This is my preferred option; when the couple books and you talk about delivery, mention that you will share certain photos with vendors so if any of them contact the couple they can send them to you. If you don’t want to give photos to vendors, that is up to you. But for me, the photos are already there, I have already been paid for them, by being pleasant to vendors and giving them a great service as well you have a better chance of being referred or even booking business off of them. For example, I gave a salon photos, they loved them so much they booked me for their rebranding photos and then several continued shoots after. By giving them photos, I booked several thousand dollars of shoots over the next year.


So there is a lot of info about Copyright out there but here are the basics of it.

Whoever presses the button own the photo. If you are at a wedding and you have a guest take a photo of you and the couple...that guest owns the photo.

There is no need to register your photos for a Copyright to take effect. Once you publish online, they are copywritten. Although no registering decreases the number of damages that you can collect if there is a violation.

There are work for hire instances where you do not maintain the copyright, but this is signed away in the contract for said job.

So when clients want copyright, that can be negotiated. It is a lot more common in commercial work than in other types of photography. But there are times where individuals want copyright when what they want is printing rights. This is something that can be touched upon in many ways, on your site, in your contract, or during a consult.

Read more here

Clients with “Big” asks


Uploading old Galleries

I have seen posts about old clients coming back and needing photos from years prior. I have had this happen. You know how long it took me? Under 10 min. I located the HD, plugged it in, made a new gallery and uploaded.

I do say in my contract that there is an archiving fee. That if I need to upload a gallery after X amount of time I charge X amount.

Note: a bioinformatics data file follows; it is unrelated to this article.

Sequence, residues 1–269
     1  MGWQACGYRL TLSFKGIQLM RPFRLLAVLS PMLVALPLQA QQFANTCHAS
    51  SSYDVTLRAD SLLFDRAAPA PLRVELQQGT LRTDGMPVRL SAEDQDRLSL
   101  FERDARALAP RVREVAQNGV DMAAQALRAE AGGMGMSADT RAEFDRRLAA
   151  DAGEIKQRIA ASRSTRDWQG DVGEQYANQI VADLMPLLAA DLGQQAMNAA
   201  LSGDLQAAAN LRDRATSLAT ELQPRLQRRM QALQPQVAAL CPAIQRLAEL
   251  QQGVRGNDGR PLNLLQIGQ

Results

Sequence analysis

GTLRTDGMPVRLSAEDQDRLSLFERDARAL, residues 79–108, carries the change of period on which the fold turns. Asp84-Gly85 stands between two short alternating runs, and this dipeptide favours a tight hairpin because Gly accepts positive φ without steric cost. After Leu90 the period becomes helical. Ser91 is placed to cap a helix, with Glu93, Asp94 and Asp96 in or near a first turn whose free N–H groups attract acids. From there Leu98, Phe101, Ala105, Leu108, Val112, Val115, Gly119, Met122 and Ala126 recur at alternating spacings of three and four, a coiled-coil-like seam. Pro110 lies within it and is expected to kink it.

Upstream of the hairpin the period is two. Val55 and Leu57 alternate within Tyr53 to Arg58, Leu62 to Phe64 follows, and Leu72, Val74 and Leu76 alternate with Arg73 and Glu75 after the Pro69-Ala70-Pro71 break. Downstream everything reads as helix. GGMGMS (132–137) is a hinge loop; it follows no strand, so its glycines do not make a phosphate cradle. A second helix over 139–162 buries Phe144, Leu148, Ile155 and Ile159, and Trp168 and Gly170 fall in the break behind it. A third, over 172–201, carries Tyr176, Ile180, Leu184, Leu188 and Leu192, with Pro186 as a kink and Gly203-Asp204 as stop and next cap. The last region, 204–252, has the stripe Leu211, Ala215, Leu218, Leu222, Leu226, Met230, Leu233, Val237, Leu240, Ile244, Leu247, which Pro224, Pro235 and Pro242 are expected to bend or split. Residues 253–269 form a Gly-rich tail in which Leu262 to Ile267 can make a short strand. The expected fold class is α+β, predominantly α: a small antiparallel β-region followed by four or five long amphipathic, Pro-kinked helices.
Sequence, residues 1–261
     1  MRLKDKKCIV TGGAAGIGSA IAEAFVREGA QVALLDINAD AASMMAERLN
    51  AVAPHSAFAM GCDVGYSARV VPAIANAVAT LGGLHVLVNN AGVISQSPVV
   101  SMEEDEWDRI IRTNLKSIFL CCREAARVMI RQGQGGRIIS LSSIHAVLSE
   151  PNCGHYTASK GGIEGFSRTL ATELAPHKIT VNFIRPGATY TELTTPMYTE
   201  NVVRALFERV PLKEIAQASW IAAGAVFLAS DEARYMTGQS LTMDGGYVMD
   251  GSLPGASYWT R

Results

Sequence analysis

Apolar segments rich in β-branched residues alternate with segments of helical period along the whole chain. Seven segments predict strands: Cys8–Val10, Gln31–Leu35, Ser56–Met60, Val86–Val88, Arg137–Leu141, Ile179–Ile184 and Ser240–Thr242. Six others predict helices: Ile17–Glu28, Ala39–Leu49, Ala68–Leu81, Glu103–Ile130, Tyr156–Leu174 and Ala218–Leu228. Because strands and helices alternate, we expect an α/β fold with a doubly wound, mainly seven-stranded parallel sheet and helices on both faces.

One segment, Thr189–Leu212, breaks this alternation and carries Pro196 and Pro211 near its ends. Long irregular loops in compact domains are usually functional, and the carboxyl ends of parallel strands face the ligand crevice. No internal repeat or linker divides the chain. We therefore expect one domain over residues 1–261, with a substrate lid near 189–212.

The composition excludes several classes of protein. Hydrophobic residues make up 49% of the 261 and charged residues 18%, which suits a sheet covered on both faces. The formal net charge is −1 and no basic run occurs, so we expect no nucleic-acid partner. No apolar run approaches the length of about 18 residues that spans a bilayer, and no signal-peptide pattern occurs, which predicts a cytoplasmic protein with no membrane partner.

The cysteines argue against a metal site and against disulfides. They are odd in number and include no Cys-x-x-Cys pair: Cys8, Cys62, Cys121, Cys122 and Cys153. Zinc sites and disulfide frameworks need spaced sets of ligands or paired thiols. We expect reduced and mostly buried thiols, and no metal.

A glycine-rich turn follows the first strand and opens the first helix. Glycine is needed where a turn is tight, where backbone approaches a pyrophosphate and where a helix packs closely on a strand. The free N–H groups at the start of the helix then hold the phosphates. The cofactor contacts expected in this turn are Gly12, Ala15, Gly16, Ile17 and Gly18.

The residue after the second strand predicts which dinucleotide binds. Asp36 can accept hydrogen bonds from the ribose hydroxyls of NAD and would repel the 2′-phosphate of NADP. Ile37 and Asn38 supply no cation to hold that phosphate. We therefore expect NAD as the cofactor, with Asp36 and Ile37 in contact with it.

It gives people incentive to back up their gallery and wedding photos.

It gives me the opportunity to make them happy again if they need to have their gallery re-uploaded. I can mention “Hey normally there is a $100 unarchiving fee, but ill waive this and if you want to order any prints Here is a 20% off code.” Boom, smile on their face.

Wanting Photos Faster

I find this one the simplest. Communicate in the booking process, the contract, and after the shoot when the photos will be done. If you have someone that is asking for photos faster, then tell them you have X number of sessions before theirs, but if they would like them faster, there is a $1000 rush fee. Or whatever $ amount you feel is appropriate. Hold your ground and be firm.

Working for free for brands

Occasionally there are times where brands ask you to work for free or exposure. In your head, you are thinking “ They sell jackets for $500 a pop they can afford to pay me.” Well, here is the plain and simple truth. They should, but they may not have a budget for it. Some brands just do not put value on the visuals, so they do not have a budget set aside for photos. Instead of worrying about it. Move on. Brands that can’t pay will suffer in the long run. But you can also respond with “Thank you for your interest when you receive a budget for elevating your brand shoot me a message and I would love to chat with you about what we can do!”

Just don’t work for free.

Mountain Tops-1-2.jpg

Business Management

For years I struggled with business management. I didn’t want to pay for a client management software. I thought that the few dollars a month could be spent elsewhere. I was so wrong. Once I started using Honeybook it made it so much easier to track everything. I was using an Excel spreadsheet to do what this amazing program was doing for me.

Honeybook keeps track of all your inquiries and projects and even can help automate things like payments and email responses by keeping your files in one place.

OMG. Seriously a stress reliever if i have ever seen one.

If you are interested feel free to email me and ask any questions.

or use this link and get 50% off your first year.